WCAG – Your Guide to Achieving Accessibility Implementation
For multiple times on this blog, we have talked about web accessibility, but you may ask, what will help me achieve my accessibility goals. In this article, we will talk briefly about WCAG, or web content accessibility guidelines.
What Is WCAG?
The World Wide Web Consortium, or W3C, established accessibility guidelines known as WCAG in order to assist web developers and designers in creating a virtual environment that is accessible to those with disabilities. The organization was established in 1994 and formed WCAG in 2008. To create a single, universally accepted standard for web content accessibility that satisfies the requirements of individuals, organizations, and governments worldwide, the W3C developed the Web Content Accessibility Guidelines (WCAG) in collaboration with people and organizations from all over the world.
Businesses and private groups are not required to adhere to the WCAG procedure when developing their online locations, despite the fact that certain governments demand that all of their sites be WCAG compliant. Nonetheless, it is important to note that making sure your website and apps comply with WCAG is crucial for making sure you can offer your goods, services, and/or content to everyone. The pace of technological advancement has increased over time. These changes require for an upgrade in accessibility standards, which the consortium has been working to do since 2008 in order to accommodate new technology products entering the market.
Why Comply with WCAG?
It is essential to adhere to WCAG. Over 1 billion people have disabilities, according to the World Health Organization. This indicates that some of the users of your website or app have disabilities. Consequently, while creating websites and apps, accessibility needs to be a goal. Accessibility refers to the ease with which persons with impairments can utilize and benefit from your website. After defining online accessibility, there are four key guidelines you must adhere to in order to make your website accessible.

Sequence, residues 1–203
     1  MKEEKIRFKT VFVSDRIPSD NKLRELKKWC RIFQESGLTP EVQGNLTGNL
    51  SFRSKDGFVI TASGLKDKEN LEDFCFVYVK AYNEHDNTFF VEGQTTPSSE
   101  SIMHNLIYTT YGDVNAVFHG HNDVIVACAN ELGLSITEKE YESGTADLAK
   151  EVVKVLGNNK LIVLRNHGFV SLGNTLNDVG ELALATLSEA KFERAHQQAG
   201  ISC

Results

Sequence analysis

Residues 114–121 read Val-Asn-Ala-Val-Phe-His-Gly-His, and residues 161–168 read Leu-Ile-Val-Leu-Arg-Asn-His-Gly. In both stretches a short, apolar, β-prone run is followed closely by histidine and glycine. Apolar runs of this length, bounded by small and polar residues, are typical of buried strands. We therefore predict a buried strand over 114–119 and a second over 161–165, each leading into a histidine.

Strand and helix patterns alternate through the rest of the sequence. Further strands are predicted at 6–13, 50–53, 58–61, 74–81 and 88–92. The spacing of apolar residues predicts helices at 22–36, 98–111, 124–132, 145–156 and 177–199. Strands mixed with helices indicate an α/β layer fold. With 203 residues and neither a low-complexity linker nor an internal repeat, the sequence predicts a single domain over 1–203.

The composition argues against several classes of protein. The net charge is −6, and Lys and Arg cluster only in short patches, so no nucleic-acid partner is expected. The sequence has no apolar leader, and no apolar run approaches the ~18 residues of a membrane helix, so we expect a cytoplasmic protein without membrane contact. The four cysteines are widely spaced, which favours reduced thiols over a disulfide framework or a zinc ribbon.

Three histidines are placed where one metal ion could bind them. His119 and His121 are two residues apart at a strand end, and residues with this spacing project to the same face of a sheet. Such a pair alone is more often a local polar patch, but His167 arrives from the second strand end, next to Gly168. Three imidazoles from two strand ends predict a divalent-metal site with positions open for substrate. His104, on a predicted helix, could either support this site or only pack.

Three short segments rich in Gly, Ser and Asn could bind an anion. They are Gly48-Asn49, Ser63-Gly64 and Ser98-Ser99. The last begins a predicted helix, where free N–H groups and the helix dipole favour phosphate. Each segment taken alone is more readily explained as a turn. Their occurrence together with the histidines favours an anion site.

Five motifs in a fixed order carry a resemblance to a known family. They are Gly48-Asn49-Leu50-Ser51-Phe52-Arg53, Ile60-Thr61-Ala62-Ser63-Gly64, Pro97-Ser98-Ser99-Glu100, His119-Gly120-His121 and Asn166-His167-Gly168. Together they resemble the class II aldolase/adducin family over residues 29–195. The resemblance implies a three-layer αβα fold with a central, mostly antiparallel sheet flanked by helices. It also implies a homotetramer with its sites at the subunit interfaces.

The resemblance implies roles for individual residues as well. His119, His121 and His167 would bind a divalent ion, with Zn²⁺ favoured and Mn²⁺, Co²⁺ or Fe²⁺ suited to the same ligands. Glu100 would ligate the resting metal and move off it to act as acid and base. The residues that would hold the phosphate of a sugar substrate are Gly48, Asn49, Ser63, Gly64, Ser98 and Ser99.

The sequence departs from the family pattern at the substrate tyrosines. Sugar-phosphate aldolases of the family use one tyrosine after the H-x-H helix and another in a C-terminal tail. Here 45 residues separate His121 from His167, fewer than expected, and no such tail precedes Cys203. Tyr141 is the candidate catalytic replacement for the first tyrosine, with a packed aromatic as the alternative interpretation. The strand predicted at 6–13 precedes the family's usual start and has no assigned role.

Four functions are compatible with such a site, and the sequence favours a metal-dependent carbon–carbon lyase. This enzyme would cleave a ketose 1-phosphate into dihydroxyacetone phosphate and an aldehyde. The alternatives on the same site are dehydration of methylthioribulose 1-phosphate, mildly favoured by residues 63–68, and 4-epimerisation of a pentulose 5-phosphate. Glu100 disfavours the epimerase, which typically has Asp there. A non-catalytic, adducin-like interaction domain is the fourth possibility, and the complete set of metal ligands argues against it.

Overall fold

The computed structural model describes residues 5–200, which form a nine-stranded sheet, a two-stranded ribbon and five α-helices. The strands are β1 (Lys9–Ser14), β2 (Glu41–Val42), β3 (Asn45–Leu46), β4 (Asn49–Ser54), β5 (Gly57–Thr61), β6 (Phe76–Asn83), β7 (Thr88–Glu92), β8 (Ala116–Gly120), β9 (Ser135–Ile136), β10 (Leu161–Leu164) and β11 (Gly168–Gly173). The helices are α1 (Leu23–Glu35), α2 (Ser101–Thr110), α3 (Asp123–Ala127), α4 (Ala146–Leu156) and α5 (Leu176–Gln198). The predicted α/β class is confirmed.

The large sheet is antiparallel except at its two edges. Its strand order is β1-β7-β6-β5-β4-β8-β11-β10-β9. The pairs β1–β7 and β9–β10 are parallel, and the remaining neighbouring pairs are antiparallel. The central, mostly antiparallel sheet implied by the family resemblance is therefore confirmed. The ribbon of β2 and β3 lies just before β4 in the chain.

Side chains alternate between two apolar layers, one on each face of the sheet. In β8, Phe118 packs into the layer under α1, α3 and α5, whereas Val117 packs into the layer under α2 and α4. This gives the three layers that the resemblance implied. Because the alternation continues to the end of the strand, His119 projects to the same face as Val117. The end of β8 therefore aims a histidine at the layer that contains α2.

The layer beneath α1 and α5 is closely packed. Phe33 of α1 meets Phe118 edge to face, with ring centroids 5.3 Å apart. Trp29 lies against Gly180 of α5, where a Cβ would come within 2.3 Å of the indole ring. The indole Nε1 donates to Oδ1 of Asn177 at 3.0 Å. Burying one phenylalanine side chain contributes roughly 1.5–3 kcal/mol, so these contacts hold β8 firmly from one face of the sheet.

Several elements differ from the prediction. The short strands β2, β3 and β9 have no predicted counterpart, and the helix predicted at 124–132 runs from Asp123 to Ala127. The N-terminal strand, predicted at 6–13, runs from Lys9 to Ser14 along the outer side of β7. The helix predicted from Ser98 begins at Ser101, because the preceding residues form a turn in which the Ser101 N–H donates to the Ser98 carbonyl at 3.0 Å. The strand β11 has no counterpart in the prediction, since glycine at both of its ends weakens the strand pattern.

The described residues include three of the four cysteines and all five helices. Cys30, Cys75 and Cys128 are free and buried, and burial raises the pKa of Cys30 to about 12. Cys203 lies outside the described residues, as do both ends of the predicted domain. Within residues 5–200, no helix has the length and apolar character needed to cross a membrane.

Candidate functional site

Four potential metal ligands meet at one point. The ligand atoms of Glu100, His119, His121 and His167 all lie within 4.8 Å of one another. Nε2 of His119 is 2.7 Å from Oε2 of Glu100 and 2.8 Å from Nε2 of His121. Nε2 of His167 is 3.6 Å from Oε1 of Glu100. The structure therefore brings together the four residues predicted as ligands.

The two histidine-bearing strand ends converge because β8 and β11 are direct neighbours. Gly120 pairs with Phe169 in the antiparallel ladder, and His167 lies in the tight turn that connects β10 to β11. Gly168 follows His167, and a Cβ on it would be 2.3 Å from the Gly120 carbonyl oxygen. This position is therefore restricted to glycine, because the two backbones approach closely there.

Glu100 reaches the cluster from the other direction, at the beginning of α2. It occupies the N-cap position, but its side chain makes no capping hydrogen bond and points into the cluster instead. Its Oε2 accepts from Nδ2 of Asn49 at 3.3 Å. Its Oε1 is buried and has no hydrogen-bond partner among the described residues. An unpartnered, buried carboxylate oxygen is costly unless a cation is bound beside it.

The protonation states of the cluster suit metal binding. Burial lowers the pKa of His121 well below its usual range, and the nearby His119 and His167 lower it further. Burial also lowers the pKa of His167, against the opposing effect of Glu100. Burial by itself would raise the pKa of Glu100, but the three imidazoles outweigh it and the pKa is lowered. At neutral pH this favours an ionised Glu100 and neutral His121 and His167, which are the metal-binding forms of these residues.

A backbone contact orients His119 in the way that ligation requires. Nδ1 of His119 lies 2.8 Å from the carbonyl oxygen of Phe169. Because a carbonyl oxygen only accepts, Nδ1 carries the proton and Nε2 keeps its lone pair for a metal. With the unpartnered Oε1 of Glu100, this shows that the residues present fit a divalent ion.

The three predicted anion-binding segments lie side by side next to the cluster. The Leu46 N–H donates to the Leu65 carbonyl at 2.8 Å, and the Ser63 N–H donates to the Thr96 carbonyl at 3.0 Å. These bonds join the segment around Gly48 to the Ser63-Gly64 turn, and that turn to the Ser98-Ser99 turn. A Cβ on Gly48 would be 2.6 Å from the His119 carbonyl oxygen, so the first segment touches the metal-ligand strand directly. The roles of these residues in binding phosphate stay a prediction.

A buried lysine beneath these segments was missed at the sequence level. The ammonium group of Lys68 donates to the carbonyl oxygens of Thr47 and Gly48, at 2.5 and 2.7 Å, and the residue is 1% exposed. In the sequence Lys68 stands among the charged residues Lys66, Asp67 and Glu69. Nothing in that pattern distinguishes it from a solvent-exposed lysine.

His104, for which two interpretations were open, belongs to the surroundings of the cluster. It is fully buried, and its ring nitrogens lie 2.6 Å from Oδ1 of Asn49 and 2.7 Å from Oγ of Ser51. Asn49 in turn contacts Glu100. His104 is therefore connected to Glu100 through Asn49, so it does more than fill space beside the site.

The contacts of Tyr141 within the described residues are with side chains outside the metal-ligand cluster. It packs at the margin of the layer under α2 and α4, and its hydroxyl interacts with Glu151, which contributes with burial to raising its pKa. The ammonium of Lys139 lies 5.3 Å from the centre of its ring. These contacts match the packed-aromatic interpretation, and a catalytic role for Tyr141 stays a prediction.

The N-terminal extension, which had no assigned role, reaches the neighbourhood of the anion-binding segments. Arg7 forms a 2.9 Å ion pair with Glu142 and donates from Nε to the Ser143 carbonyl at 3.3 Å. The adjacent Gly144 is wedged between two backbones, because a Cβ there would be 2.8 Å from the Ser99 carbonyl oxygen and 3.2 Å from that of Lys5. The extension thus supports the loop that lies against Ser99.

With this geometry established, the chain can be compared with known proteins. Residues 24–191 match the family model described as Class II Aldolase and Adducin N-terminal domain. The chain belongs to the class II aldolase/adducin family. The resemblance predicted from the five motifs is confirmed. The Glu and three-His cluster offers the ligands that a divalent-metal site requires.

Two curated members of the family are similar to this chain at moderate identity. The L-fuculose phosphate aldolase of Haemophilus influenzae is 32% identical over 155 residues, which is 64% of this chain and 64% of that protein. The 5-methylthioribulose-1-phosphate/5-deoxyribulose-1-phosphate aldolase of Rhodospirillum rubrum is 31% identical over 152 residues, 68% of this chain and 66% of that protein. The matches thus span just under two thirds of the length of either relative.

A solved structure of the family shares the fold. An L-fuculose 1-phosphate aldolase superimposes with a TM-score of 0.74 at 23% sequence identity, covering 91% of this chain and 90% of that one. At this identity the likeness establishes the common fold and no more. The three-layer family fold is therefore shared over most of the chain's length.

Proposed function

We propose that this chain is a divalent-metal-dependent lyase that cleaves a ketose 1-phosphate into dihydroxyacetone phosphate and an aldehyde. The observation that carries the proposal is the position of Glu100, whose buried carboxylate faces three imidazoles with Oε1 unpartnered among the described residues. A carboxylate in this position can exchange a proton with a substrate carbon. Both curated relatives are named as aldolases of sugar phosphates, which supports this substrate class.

The Four Main Accessibility Principles
Do you know what "POUR" is? The principles of perceivability, operability, understanding, and robustness are symbolized by this acronym. Let's examine each of these ideas separately.
This concept mandates that web developers and designers produce material for websites that is readable by assistive technology used by individuals with impairments. For instance, you must use readable fonts, provide information on your website that screen readers can use to help a blind person, allow users to enlarge the screen, and more.
This is all about how the user uses your platform, as the wording suggests. A web designer must make sure that the user can comfortably navigate the website, which entails avoiding fast-moving carousels, enabling keyboard usability, designing a simpler user interface, making it easier for those who do not use the keyboard, and allowing a reasonable amount of time when dealing with time-based content, such as text that may appear on the screen for a brief period of time. You may offer an option that enhances your accessibility for time-based content.
Information offered on your website should be understandable to visitors. This calls for the use of appropriate language, legible contents, and the provision of an aid program on form-filling sites in order to prevent user error.
As we just discussed, technology is constantly evolving. Making sure that your website is still accessible after the change is suggested under this guideline. Even so, people with impairments ought to be able to independently browse the website.
So, what can we take home? Millions of individuals have trouble accessing the internet. Will you involve them and change the world by making your website WCAG compliant? You will not only be able to assist them by doing this, but you also stand to get more viewers. Be sure to read the accessibility articles on this blog to learn how to make your sites compliant. These include helpful advice that will aid you in your efforts to ensure that your website is accessible to those with impairments.
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What Is WCAG and Why Is It Important?